Lowell S Su, MD, Christian W Ertl, MD FACS FACCWS, Leandra H Burke, BS. Michigan State University / Kalamazoo Center for Medical Studies
Calculous biliary disease represents the most common cause of gastrointestinal illness requiring hospitalization in young, healthy individuals. Approximately two-thirds of symptomatic patients present with multiple attacks, suggesting ongoing inflammation, chronic obstruction, and histological changes within the gallbladder wall. Here we present a rare case of transmural fibrotic gallbladder in a patient with no known previous gallbladder disease.
A 35-year-old male presented to our care with ongoing sharp RUQ pain lasting several months with intermittent nausea and vomiting. The patient had a history significant for GERD for which he took Ranitidine for symptom relief. The patient had no previous surgical history. Examination revealed a soft, non-distended abdomen with positive Murphy’s sign and mild epigastric tenderness. WBCs were not elevated and all liver function results were within normal limits. Abdominal ultrasound yielded circumferential wall-thickening of the gallbladder with dependent sludge, and CT showed no identifiable gallstone or pericholestic fluid. A HIDA scan showed non-filling of the gallbladder after 90 minutes, and a decision was made to proceed with elective laparoscopic removal of the gallbladder.
The patient’s abdomen was entered using standard Hassan technique. A 10- mm port was inserted for laparoscopy, followed by three 5-mm trocars in the standard sub costal positions. The abdomen was noted to have a white, fibrotic, hard gallbladder which prevented successful laparoscopic grasping of the gallbladder wall. Aspiration of 35 cc of cloudy, yellow-brown fluid was achieved and sent to pathology. An attempt to continue with laparoscopic dissection proved to be infeasible due to a difficult dissection, obliteration of the triangle of Calot, and a very fibrotic gallbladder with extensive inflammatory reaction and fibrinous adhesions to the peripheral tissues. The decision was made to convert to an open procedure to excise the gallbladder.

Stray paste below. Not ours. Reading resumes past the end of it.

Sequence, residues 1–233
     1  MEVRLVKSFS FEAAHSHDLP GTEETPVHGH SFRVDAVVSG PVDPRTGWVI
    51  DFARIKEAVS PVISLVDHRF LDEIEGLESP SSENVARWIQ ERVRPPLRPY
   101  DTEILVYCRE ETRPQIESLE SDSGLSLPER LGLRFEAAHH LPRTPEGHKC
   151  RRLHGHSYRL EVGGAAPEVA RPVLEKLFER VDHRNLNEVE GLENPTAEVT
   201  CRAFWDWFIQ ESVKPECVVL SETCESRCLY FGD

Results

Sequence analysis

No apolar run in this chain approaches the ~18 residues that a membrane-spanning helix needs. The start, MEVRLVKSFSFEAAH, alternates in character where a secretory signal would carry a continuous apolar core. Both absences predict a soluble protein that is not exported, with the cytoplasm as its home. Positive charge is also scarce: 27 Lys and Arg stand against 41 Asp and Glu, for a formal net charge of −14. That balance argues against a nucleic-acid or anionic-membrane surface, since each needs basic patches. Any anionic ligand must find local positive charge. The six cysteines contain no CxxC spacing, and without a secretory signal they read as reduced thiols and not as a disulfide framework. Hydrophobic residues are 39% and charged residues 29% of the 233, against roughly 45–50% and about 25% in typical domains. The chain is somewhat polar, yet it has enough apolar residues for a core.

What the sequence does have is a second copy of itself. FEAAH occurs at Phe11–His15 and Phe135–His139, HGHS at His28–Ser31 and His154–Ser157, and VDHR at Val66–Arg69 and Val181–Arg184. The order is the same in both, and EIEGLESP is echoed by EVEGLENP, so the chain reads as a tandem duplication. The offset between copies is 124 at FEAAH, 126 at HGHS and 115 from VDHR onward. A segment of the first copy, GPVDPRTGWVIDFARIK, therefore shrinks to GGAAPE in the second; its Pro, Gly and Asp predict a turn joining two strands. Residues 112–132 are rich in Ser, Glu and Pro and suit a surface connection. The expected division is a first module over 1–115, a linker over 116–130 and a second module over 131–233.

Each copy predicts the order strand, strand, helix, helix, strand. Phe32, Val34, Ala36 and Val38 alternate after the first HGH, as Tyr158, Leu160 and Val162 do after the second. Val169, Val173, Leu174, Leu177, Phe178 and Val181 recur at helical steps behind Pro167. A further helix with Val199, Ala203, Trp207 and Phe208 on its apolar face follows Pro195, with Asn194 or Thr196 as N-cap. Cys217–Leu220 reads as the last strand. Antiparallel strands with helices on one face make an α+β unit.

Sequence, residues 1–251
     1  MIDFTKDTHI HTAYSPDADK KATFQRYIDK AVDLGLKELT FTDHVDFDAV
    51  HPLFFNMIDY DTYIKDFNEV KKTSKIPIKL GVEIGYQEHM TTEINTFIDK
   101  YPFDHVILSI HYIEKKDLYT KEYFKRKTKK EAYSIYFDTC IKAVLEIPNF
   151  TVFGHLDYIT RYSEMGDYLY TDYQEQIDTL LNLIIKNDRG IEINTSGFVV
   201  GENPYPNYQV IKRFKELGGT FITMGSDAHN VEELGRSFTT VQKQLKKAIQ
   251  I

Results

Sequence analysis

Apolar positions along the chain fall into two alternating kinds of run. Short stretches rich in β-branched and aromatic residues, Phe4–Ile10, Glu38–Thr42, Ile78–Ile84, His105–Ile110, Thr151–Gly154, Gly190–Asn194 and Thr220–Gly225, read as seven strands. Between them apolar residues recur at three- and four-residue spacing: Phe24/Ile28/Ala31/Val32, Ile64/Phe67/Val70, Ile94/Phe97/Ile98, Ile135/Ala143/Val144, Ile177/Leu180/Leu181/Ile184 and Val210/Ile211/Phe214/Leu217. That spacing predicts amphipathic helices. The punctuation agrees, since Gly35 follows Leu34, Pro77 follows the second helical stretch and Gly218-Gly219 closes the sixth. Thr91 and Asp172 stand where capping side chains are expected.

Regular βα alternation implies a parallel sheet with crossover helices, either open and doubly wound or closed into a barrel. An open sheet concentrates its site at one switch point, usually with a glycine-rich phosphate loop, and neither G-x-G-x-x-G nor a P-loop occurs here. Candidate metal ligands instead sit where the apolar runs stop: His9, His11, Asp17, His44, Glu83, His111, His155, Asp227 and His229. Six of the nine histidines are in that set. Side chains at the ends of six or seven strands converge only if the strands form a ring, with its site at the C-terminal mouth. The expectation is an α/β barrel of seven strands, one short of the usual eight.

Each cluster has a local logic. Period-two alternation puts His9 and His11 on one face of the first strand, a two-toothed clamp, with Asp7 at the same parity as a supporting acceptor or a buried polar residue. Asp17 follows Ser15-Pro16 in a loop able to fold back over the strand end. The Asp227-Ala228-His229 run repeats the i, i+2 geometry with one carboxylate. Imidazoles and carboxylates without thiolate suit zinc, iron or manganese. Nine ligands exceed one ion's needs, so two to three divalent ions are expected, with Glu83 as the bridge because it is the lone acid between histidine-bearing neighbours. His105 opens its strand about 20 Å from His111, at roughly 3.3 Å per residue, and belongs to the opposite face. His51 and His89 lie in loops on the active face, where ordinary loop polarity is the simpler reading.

The final pathology report found dense fibrosis and chronic inflammation within the entire thickness of the gallbladder wall. The gallbladder measured 9.5 x 5.5. x 2.5 cm and was noted to be diffusely brittle and thick, to a maximum of 1.2 cm. Opening of the gallbladder revealed a shiny gray-white mucosal aspect with scattered foci of hemorrhagic discoloration. There was a single 1.2 cm yellow gallstone found impacted in the gallbladder neck. Cytology revealed abundant macrophages with no malignant cells. Postoperatively, the patient’s course was unremarkable and he was discharged home. He returned two weeks later with fluid collection which was treated with antibiotics and supportive management. Subsequent follow-up was negative for any complications.
We postulate that this is a case of chronic cholecystitis caused directly by stone impaction into the gallbladder neck leading to chronic inflammatory changes of the gallbladder which resulted in the stated pathology. Given time, chronic bile stasis results in inflammatory changes within the wall of the gallbladder, and fibrosis and scarring will eventually affect the entire wall. Most patients will become symptomatic before fibrosis occurs and consequently, the gallbladder is removed before the progression of the disease is observed. Here we present an unusual case of end-stage gallbladder fibrosis.
Session Number: Poster – Poster Presentations
Program Number: P598